Author Topic: Divus Constantine the Great, AE4, 337-340 AD, Antioch mint, RIC VIII 39  (Read 58 times)

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Offline Overlord

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Divus Constantine the Great, AE4, 337-340 AD, Antioch mint, RIC VIII 39 (1.2 g, 15 mm)

Obverse: DV CONSTANTI-NVS PT AVGG, Veiled head, right
Reverse: Constantine driving quadriga right, Manus Dei (hand of God) reaching down to him to receive him in Heaven, SMAN∈ in exergue

Offline Figleaf

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Fascinating coin for a fascinating man. In the Christian world, Constantine became the first Christian emperor of the Roman empire after the battle of the Milvian bridge. The story is bogus, church propaganda and the coins bear that out.

First, the myth of the cross in the sky is likely made up by highly partial Christian historians. More important, the coins of Constantine do not favour Christian symbolism. In fact, inasmuch as they favour any god, it is Sol invictus.

Rather, Constantine seems to have been an opponent of the veneration of deceased emperors as gods. On that, he agreed with the Christians and since Constantine was smart enough to become "the great", it must have been an obvious alliance for him and a welcome reprieve of persecutions for the Christians.

Your coin does indeed show the manus dei, a popular Christian symbol on illustrations like the 16th century counters of the Low countries. However, it is accompanied by a quadriga. Is that the emperor, rising to the Christian heaven? Most unlikely. In Christian symbolism, the dead do not need transport to go to heaven. That phase is simply skipped. So what is it? Look at the Trojan wall decoration below, excavated by Heinrich Schliemann. It is Helios, riding the sky as the sun. And Helios is of course the same as Sol invictus. The hand is an important part of the design, but not the central part. Sol is. Do I smell a good compromise in the air?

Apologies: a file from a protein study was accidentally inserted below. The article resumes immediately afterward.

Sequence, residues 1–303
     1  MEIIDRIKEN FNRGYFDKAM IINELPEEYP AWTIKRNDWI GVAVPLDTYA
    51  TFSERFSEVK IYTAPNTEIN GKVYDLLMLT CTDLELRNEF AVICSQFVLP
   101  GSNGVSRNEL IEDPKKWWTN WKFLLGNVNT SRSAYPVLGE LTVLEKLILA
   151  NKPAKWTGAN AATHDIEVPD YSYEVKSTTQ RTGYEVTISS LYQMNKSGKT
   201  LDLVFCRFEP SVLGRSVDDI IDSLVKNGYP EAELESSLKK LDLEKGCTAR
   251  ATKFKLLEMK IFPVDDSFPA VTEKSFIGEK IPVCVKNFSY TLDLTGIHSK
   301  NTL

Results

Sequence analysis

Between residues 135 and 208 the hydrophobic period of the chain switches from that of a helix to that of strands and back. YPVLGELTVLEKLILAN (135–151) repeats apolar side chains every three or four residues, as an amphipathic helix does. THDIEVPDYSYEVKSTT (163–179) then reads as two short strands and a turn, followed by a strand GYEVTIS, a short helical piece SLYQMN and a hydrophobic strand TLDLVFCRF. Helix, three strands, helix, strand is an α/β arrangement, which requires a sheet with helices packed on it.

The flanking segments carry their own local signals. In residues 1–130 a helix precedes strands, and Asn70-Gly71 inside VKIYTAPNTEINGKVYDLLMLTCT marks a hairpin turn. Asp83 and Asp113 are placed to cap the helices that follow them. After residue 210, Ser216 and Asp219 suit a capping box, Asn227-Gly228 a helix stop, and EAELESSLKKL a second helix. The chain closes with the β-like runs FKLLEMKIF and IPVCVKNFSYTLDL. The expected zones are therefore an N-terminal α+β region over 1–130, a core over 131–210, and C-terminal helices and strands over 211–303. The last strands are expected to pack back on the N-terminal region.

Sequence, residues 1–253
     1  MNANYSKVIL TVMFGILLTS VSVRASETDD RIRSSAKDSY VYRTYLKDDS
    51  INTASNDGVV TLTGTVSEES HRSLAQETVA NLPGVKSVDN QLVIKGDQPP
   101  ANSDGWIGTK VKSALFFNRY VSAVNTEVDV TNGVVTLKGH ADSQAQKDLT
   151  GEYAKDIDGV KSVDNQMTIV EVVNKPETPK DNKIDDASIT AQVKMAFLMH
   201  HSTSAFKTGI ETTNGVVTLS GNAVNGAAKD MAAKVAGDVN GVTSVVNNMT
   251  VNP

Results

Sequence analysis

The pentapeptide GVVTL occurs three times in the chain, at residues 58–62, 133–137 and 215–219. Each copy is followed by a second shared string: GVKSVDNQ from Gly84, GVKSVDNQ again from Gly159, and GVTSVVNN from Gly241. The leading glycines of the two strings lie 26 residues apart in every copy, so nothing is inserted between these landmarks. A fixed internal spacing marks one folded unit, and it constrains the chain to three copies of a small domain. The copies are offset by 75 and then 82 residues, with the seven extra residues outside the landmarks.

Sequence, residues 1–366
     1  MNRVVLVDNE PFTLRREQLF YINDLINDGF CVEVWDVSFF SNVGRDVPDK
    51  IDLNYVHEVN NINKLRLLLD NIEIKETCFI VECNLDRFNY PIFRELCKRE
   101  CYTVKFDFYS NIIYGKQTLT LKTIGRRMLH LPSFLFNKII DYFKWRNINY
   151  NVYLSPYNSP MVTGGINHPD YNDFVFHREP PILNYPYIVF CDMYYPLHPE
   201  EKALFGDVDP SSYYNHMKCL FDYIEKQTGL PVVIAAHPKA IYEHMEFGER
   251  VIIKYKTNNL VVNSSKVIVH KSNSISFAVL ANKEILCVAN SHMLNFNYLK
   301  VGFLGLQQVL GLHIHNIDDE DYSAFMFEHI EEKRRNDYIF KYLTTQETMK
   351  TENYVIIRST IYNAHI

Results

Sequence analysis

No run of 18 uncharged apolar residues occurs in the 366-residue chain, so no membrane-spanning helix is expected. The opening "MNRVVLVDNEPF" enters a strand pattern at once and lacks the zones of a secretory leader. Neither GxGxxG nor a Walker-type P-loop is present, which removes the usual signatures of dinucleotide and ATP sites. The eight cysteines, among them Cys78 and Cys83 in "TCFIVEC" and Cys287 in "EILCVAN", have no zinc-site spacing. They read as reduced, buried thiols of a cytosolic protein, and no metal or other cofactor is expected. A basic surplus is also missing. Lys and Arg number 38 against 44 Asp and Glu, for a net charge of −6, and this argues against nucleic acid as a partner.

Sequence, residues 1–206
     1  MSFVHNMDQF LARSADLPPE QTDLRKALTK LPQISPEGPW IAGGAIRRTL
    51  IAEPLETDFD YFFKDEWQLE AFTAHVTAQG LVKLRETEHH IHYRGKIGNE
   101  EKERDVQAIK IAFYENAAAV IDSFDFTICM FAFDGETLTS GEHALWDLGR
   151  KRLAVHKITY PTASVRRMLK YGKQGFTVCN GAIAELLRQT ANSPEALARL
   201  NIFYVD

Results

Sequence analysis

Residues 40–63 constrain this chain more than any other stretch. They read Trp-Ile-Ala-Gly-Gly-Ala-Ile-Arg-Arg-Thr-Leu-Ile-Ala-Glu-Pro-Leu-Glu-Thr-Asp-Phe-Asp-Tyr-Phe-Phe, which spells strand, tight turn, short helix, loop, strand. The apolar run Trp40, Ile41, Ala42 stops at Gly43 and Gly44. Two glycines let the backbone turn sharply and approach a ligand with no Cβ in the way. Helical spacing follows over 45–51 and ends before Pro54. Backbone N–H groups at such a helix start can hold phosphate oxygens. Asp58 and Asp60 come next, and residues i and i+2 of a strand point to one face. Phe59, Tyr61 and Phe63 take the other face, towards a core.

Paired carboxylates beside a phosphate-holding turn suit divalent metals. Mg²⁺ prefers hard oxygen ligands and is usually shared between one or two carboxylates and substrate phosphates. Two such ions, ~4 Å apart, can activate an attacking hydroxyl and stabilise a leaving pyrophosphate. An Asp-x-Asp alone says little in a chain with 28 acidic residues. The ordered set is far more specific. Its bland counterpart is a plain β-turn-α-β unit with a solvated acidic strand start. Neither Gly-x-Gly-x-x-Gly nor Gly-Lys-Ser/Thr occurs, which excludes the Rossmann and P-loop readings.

The same thing for the potrait. Constantine is shown veiled. You can talk that into a Christian symbol, but it's far more likely that it's just part of a dead man's shroud. Its message is: this guy is dead. Note: no symbolism of divinity.

Peter
An unidentified coin is a piece of metal. An identified coin is a piece of history.

Offline Finn235

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Excellent coin! I have two that I like, each with their own faults. I like how yours shows the entire reverse die... a feature both of mine lack!

@Peter, I have to disagree on a few points:

1) Constantine I issued deification issues for Claudius II (whom he purported to be a great-uncle), Maximian, and Constantius I. He certainly wasn't against deification issues, at least not early in his reign.

2) Constantine issued one unambiguously Christian coin:
http://www.tesorillo.com/aes/116/116i.htm
The legend "SPES PVBLIC" coupled with a Chi-Rho topped labarum stabbing a snake. It either symbolizes the victory of Christianity over the biblical serpent (being false pagan beliefs, the literal devil, etc), or a symbolism of the victory at Milvian Bridge due to divine favor.

3) There are coins bearing reference to the legend of the chi Rho in the sky as early as 350 AD - HOC SIGNO VICTOR ERIS:
http://www.tesorillo.com/aes/050/050i.htm

4) The legend of the two most common Constantine posthumous coins start with DV CONSTAN... in context, only "Divus" fits. Bear in mind that in 337 Christianity was only tolerated while the state paganism was probably still the most common religion. We aren't entirely certain to what extent the Constantine boys subscribed to the faith, as at least Constantine Jr. was raised as a pagan. Now, the symbolism certainly falls short of explicitly proclaiming "Constantine is a God now! Worship him!" But the connotation is there.

5) The figure in the chariot can't be Sol Invictus - He isn't radiate, and is covered head to feet in funeral garbs!

Offline Overlord

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Cool little coins. Here is another I have. I recently missed one showing two hands, placed one in front of the other.